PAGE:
When I came up with the idea for Caught Between Two Curses, it didn’t occur to me that baseball in a book would not be a big draw. I mean, I grew up in a world of baseball—thanks to my dad and grandpa, and my mom, too, who likes sports. My daughter’s one-year-old birthday party turned into a World Series party because the Cardinals were playing (and winning!) game 7 that night. But I have read review after review, which I am very grateful for, with a line, such as: “I wasn’t sure what to expect with this book because I don’t like baseball much, but luckily, it’s not really about baseball.”

This is true—my plot is much more about a 17-year-old girl who is having boy trouble and being pressured to have sex, who is living with her aunt’s family after her parents’ death, and who is trying to figure out how to break a curse on her family. She doesn’t like baseball herself, but her uncle is crazy about it. The curse grabs ahold of him for the first time while he’s at a Chicago Cubs baseball game while he’s eating a bratwurst, and eventually, he falls into a coma.

But my point is do we really pick books or not pick them because of a subplot? Am I marketing my book wrong? Do people just see the cover with Wrigley Field on it and assume it’s a baseball book? This whole issue has me thinking. I read books with things I’m not interested in all the time, like one of Claire Cook’s books, Time Flies, has a main character, who is a successful metal sculptor. I don’t like or dislike metal sculptors, but I have no interest in this art form. I did enjoy the book because it’s not actually about metal sculpting—it’s about a middle-aged woman trying to find her way and having an adventure!

Take this a step further. . .I love to read murder mystery books—like the ones James Patterson wrote about Alex Cross, but I’m not interested in murder—as a matter of fact, I don’t like it at all. I loved Hunger Games, but I’m not interested in watching teenagers fight to their death. I don’t usually read reviews about these books, such as, “I knew this book was about a game where teenagers fought to their death so their families wouldn’t starve, and I’m not usually interested in this, but the book turned out to be more than just murder.”

meAm I making my point here?

I love baseball. I put baseball in my book. I have discovered that perhaps I am not in the majority with my love of baseball, and that’s okay. But before we judge a book by its cover (BIG CLICHÉ THERE, HUH?), maybe read what it’s actually about? I’m thankful many readers who don’t like baseball have given my book a chance and liked it, and I’m hopeful many more will, too.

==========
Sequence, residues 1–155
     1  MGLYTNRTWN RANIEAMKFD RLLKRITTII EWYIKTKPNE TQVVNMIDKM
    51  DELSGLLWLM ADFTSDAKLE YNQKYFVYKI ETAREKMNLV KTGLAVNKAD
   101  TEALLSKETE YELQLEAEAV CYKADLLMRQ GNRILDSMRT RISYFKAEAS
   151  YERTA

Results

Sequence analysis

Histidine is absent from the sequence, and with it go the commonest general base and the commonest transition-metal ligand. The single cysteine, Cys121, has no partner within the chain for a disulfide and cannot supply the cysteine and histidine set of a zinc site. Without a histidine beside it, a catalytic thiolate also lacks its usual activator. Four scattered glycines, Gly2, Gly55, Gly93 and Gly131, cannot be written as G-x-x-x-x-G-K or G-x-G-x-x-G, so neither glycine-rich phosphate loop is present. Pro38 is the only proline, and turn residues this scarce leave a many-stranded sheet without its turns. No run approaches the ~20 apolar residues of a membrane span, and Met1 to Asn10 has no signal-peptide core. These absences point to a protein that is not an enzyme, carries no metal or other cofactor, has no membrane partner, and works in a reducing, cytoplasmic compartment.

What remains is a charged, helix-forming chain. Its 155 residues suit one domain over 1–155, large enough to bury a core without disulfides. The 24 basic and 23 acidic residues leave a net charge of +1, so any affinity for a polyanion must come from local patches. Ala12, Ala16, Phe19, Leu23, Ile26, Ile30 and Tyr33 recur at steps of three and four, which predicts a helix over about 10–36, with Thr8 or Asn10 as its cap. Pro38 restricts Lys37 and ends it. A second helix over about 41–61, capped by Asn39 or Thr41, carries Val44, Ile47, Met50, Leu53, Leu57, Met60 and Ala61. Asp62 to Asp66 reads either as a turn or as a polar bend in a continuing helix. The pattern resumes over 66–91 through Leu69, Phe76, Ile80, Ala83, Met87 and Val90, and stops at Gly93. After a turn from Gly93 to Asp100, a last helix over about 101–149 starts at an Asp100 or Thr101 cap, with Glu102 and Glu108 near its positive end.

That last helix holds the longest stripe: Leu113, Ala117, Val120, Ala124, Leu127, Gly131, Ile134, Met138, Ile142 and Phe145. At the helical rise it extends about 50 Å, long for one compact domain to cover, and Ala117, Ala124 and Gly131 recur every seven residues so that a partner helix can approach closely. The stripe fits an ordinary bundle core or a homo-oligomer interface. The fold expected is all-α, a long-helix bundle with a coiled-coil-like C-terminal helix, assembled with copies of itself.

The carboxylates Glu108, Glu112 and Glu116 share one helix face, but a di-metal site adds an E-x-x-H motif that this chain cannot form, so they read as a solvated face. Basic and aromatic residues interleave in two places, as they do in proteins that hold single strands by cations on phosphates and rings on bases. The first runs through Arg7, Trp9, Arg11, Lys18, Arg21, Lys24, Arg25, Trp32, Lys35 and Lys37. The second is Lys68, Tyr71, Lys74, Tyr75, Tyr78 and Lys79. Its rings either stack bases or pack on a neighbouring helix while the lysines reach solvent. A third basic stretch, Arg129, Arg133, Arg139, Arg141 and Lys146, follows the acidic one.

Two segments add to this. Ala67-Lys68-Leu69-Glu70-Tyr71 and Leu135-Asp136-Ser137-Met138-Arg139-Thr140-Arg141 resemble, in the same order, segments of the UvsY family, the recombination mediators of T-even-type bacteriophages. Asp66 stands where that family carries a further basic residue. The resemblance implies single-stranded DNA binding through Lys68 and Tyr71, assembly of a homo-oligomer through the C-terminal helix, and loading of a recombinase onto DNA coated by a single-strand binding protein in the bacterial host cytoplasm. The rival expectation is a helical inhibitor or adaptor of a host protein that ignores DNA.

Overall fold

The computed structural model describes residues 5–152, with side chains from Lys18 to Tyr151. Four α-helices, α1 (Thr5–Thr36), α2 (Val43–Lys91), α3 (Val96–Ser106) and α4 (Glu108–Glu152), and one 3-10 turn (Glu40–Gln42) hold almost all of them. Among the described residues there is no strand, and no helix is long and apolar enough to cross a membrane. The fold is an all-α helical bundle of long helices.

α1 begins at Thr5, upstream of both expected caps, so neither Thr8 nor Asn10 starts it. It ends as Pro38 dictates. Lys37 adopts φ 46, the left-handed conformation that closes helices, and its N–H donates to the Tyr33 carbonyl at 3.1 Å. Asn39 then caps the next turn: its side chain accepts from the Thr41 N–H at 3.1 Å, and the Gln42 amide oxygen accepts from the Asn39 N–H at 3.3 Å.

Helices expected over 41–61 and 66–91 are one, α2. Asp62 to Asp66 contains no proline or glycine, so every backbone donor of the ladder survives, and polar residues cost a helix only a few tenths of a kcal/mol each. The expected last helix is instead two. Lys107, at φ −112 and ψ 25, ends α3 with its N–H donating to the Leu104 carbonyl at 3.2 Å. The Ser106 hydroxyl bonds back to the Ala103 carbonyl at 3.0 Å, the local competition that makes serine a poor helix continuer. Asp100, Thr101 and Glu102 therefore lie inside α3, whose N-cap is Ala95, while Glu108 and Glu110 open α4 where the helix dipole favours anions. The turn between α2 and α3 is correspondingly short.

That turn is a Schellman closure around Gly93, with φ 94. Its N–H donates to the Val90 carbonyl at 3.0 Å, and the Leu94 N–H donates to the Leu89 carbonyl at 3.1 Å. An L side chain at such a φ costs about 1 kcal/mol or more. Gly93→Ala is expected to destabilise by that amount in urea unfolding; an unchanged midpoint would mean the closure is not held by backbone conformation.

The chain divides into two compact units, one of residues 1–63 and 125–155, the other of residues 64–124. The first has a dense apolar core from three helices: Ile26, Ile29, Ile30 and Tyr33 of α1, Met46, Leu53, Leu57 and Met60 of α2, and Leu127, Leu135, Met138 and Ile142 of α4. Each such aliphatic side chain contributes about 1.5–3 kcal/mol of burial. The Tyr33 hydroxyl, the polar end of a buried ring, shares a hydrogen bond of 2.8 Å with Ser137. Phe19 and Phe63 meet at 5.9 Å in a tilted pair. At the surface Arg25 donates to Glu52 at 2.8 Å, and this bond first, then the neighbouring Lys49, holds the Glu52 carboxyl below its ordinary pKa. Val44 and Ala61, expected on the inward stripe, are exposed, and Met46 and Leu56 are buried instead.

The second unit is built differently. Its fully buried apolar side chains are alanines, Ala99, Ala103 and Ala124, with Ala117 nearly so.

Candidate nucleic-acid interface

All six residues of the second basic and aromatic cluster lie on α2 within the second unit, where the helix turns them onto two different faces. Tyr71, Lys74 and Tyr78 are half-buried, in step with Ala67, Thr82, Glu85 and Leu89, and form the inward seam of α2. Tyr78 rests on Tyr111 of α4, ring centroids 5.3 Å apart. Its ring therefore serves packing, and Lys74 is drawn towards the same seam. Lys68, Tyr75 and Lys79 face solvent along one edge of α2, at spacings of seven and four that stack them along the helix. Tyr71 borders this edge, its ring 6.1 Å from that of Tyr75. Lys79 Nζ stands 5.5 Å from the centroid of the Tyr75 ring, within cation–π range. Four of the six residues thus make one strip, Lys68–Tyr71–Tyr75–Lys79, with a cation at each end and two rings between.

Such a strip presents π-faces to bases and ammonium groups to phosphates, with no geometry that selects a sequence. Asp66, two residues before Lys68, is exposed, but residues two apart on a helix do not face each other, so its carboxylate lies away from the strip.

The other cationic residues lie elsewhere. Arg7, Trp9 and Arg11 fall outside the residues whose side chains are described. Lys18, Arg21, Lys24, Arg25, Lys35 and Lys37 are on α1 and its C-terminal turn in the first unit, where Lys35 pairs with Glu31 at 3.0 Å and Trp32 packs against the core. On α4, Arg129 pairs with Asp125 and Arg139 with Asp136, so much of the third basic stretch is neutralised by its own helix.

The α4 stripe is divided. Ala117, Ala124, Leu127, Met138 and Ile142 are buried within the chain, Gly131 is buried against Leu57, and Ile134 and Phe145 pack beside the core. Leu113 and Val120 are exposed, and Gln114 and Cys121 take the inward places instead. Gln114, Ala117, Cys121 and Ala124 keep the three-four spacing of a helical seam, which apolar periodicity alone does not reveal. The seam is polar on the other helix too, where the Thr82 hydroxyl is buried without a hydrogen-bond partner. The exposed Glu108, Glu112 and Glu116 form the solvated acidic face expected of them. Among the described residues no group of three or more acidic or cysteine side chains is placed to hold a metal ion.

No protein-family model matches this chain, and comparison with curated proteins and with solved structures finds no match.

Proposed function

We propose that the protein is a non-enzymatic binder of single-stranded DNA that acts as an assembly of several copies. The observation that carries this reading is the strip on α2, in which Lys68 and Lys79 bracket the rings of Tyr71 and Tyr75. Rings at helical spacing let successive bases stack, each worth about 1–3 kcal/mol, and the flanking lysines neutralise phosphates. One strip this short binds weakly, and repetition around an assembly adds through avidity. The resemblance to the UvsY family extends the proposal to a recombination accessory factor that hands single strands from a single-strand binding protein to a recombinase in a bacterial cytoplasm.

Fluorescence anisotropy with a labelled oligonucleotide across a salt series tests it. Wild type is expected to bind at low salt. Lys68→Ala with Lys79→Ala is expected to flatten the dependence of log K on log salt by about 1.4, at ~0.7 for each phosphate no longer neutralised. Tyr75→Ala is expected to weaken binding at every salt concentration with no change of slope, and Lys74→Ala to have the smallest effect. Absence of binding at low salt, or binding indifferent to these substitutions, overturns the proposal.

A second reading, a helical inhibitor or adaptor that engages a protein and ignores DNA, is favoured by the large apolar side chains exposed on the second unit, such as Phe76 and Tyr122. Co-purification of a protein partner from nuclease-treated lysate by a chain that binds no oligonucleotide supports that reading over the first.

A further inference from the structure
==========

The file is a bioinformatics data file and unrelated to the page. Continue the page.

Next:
Have you ever put something in a short story or a book and had a reaction like this? OR have you had a reaction like this to a book you’ve read?

Margo’s book, Caught Between Two Curses, is on sale this week thanks to baseball’s All-Star Game! You can find out all the details about the sale here, but basically, the e-book for KINDLE is on sale for 99 cents today (July 15), $1.99 (July 16-17), and $2.99 (July 18-19). An autographed copy of the print book is available for $5.00 off the cover price–$6.95. Thanks to All-Star week, she is also having a contest with a prize of one $25 gift card to one of 5 restaurants (Olive Garden, Starbucks, Panera Bread, Applebee’s, TGI Friday’s) (U.S. mailing addresses only please) and a 3000-word free edit (anywhere in the world, English-language only). Enter to win those prizes on the Rafflecopter form below—no purchase necessary! Check out more about Margo and her books here!

RAFFLECOPTER LINK: a Rafflecopter giveaway

(I have NO idea why I can’t get Rafflecopter to actually show up on my blog! But if you click on that link, it will take you to the giveaway and you can sign up for all the goodies! And perhaps, before the end of the promotion, I’ll get Margo to show me how to fix it. In the meantime, I hope you’ll get Margo’s book, Caught Between Two Curses.)

Now hurry, y’all, you don’t want to miss the fun! Because when the All-Star break is over, she’s OUT of here!